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Why Those Little Differences Needn't Be a Problem in Your Relationship

Two fallen leavesA reader emailed us about last week’s blog: “It sounds simple but not easy. I certainly haven’t mastered it yet!”

We maintain harmony in our relationship the same way a bike stays in balance when being ridden. It happens with very little thinking, because we can feel when it is not quite right and make adjustments to bring it back into equilibrium.

We think that finding that balance is challenging for some people because they clash, not on a basic level of emotional support (like how you make me feel), but about the different habits that each has developed through experience. Everybody has made choices about things like how they wash dishes, sort the laundry, handle bills and follow the news; they may have reasons for those choices like efficiency or aesthetics, or they might have been taught things are done that way and never questioned it. One of the links this week said “I had two friends who attended marriage counseling. One of the major gripes in their marriage was over the dishes.”

These habits become familiar and comfortable, but when merging lives with someone, there are bound to be differences, and they can be a source of constant irritation. They aren’t a problem for us for a number of reasons.

  • We are lucky to live in a large enough house that we each have our own space. This gives us a sense of control and the freedom to do things our way. Even if we were more constrained, we think it would work because we each have a similar sense of the amount of connection and autonomy we are comfortable with.
  • We each respect the other person and don’t want to manage their lives. Lots of choices the other person makes do not affect us directly, and the impulse to interfere needs to be recognized, laughed at and ignored. If you think “I would never open the package that way,” you can tell them how it should be done; you can watch and learn a different way; you can take it as permission to behave differently; or you can relax and admire the variety in life.
  • We don’t take these differences in style personally, realizing they are not about us. We rarely seek for sameness in ways of doing things, and we recognize that differences in style are quite different from disagreements and are not a source of conflict for us.
  • We are not invested in being right or having everything done our way. When it comes to things that affect both of us, we try to be open to other ways of seeing and doing. For instance, Maude liked to save up each month for big annual bills like property taxes, and Phil thought it wasn’t necessary and those bills could be paid from a regular savings account, but now we pay monthly into a tax account and Phil loves it.
  • We are not disturbed by small changes in how things are, like whether cups are stored upside down or not. You could say we’re lucky enough not to be entrenched about most things. Another way to describe that is to say that we practice a kind of non-attachment.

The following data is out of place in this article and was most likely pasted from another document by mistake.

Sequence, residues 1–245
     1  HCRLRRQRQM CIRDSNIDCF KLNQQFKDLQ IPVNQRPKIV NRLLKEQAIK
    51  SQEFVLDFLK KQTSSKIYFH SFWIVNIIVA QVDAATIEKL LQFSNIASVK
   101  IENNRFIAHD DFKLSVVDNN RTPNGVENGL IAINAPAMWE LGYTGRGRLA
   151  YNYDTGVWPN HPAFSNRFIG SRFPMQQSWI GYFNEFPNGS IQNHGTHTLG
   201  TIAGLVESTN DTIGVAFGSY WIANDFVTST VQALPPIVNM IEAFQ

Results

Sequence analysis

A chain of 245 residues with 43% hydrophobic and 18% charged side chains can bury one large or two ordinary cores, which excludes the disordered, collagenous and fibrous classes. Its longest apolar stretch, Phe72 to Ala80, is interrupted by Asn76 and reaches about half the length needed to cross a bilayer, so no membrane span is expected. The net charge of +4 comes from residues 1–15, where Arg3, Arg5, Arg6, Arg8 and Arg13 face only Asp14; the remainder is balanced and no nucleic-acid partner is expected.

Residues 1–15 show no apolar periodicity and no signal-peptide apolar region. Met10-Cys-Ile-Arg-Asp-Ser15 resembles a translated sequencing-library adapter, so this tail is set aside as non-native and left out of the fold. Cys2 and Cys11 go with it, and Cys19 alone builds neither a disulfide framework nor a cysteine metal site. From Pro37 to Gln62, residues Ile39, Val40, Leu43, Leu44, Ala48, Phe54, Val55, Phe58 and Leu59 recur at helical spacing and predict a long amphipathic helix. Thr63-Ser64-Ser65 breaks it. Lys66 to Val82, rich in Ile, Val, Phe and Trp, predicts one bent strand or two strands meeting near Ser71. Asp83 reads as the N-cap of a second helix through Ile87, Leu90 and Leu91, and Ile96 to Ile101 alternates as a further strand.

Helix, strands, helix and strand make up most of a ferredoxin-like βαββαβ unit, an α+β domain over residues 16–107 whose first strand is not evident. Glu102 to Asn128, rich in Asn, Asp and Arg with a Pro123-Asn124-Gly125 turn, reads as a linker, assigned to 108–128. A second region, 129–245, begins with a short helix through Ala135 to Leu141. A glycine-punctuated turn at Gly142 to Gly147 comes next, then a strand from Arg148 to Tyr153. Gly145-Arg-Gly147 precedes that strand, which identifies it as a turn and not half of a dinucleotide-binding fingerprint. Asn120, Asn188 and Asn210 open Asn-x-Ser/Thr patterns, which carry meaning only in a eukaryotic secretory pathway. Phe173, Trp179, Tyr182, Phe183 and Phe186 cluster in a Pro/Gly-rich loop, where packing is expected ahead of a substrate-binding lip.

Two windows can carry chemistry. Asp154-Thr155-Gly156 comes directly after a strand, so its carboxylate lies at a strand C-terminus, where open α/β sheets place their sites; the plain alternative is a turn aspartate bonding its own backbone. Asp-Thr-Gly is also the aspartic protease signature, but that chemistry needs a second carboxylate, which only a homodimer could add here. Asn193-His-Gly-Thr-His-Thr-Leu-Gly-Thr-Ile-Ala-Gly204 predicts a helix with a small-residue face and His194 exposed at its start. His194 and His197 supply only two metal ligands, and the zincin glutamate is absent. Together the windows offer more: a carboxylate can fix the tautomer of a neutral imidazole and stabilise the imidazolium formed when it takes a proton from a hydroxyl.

• We think we have an appropriate sense of proportion about how important such things are in the greater scheme of life.

You might see these as compromises, trading off one thing for another as a price for peace, but for us, there is no sense of that at all. It comes from the freedom that we give each other to be exactly who we are, coexisting with the joy of connecting with another human being.

Photo credit: Maude Mayes
Photo note: Different leaves from the same tree.

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Successful Relationship Reading Corner


Books on shelfThis week we wrote that finding balance in a relationship is challenging for some people because of  the different habits that each has developed through experience. Here are some other authors writing about how to handle differences.

We’re Total Opposites! Can Our Relationship Work? "You’re in love with your total opposite. Is this your true love? Can your relationship last forever? Do you guys stand a chance? You’ve heard “opposites attract” and you’ve definitely felt that attraction, but you can’t deny how opposite you are either. (Your friends and family constantly remind you…) Then, maybe in quiet moments, the nagging questions creep in…"

11 Hints for Resolving Relationship Irritations "Dirty socks left on the floor — the fifth time this week — texting during your dinner date, forgetting to take the trash out — again — and what seems like endless interruptions when you talk. These are just some of the irritations couples deal with on a day-to-day basis. But while we’re taught not to sweat the small stuff and to pick our battles, it’s these tiny transgressions that can build and become big stumbling blocks in a relationship."

Can You and Your Partner Agree to Disagree? "In my 30-plus years of doing therapy, I've found that helping couples learn to truly accept their inevitable dissimilarities—and to take them in stride—serves not only to protect marital harmony in situations of potential conflict but, even more, to help the relationship reach its full potential."

Spreading peace one relationship at a time
Phil and Maude
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